In summary when it comes to testing your advertising:

  1. Know with whom you want to communicate
  2. Know what your target audience wants to hear
  3. Know why you are communicating, what the message is that you want to send
  4. Know which concept(s) have the most resonance with both your target audience and objectives, and why
  5. Know how the concept(s) will develop into a campaign across media
  6. Know how you are going to communicate, the most relevant medium and channels for your target audience

Can you answer all six questions before pre-testing you own ads? If so, well done; if not, perhaps it’s time to review your testing process.

 

Where testing came from & where it’s going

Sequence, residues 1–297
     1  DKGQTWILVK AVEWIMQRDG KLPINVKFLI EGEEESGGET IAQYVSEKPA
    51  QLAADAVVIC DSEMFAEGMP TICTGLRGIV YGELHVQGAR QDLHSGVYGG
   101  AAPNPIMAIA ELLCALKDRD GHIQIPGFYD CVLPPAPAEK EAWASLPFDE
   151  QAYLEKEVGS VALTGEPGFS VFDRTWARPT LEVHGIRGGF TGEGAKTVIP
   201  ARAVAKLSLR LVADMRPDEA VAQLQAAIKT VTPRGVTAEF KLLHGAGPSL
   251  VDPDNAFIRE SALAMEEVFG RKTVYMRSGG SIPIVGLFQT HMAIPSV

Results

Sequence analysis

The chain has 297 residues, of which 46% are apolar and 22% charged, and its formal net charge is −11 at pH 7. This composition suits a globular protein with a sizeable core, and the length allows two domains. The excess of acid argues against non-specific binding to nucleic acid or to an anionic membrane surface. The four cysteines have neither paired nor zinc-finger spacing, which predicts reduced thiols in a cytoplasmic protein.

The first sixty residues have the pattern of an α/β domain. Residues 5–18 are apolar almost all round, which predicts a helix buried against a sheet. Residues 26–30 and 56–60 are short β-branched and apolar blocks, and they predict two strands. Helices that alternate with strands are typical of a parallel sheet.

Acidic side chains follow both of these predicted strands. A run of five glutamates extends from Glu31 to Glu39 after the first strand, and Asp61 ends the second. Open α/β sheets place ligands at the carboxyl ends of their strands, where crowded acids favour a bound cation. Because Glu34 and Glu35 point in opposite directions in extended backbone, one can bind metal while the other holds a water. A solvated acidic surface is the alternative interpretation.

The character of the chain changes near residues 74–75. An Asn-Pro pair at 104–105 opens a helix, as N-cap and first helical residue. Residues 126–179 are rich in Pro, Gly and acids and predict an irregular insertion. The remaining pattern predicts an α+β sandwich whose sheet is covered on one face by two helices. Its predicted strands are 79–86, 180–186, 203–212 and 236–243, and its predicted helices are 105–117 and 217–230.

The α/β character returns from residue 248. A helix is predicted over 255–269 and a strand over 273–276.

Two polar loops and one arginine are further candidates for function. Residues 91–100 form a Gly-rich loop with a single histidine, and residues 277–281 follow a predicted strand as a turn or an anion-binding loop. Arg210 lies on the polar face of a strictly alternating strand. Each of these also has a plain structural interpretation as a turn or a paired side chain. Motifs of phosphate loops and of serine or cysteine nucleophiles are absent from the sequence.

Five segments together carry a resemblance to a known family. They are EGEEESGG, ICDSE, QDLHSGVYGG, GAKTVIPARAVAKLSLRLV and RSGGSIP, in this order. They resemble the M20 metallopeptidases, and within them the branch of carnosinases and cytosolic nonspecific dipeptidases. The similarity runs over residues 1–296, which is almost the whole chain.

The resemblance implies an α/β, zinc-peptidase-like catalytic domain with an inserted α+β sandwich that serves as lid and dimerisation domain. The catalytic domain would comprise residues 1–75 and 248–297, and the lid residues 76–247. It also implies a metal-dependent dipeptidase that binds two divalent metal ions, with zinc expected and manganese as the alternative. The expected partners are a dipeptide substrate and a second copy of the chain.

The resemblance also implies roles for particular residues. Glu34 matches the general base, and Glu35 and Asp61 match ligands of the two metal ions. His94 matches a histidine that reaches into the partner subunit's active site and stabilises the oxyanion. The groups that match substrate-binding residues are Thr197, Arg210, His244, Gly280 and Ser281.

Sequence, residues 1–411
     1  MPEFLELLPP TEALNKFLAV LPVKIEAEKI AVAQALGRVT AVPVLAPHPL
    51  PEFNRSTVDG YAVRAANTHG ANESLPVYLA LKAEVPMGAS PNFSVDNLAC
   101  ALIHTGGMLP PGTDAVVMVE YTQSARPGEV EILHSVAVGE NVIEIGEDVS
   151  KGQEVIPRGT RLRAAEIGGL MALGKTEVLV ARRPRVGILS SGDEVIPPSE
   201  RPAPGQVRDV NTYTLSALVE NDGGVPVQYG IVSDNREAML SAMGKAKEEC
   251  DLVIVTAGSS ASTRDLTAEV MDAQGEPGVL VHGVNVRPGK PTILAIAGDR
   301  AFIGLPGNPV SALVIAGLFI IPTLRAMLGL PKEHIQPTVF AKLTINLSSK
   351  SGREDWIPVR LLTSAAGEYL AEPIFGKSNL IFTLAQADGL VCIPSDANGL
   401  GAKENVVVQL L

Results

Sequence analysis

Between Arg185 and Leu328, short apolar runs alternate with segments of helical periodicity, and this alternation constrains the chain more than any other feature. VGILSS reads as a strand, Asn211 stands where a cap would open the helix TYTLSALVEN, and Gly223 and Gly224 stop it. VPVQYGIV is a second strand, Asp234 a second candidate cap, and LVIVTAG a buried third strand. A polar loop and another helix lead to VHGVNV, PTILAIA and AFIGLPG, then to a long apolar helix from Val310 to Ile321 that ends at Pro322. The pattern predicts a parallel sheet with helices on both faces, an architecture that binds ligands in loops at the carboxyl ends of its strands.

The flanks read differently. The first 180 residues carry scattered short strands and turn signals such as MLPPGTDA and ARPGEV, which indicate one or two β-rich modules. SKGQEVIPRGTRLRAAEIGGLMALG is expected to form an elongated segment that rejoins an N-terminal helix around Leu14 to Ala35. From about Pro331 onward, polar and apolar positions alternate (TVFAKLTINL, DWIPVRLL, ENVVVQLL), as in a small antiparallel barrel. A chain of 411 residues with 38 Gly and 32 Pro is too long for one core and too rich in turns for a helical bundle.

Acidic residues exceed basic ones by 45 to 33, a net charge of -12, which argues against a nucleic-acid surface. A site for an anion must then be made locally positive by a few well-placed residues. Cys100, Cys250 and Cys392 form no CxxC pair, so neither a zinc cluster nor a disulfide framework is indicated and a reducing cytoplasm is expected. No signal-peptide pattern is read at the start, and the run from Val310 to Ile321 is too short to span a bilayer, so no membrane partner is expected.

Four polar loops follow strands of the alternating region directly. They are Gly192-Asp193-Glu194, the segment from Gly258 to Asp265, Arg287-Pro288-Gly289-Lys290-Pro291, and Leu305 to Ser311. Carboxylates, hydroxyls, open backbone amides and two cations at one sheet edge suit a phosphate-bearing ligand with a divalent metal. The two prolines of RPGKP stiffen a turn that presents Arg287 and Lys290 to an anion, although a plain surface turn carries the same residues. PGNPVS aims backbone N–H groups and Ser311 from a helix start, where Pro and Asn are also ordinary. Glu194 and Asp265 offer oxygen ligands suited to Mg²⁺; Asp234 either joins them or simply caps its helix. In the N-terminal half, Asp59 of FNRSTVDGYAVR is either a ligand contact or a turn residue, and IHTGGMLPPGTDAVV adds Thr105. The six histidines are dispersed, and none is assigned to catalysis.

In conclusion, a few words about the future of pre-testing. Although advertising testing supposedly started in the mid 1800’s, it was in the 1950’s that performance metrics became the holy grail of clients, ad agencies and media sellers alike. From Day-After-Recall, to persuasion, and br and linkage to moment-by-moment systems, it wasn’t until this decennie that the importance of emotional rather than rational responses to advertising gained support. Today, emotional analysis has become widely available and customers’ reaction to the ads are measured, usually on the six universal emotions (happiness, sadness, surprise, fear, disgust, anger) plus neutral. Whilst it’s still early days in underst anding the connection between emotional reactions and br and impact, things are moving fast. C³Centricity is now offering facial coding as part of its services, whether for adding to market research projects or for the development of original promotions and point-of-sale activities. One such case study is available for download on the C³Centricity Members area here. (Free to join)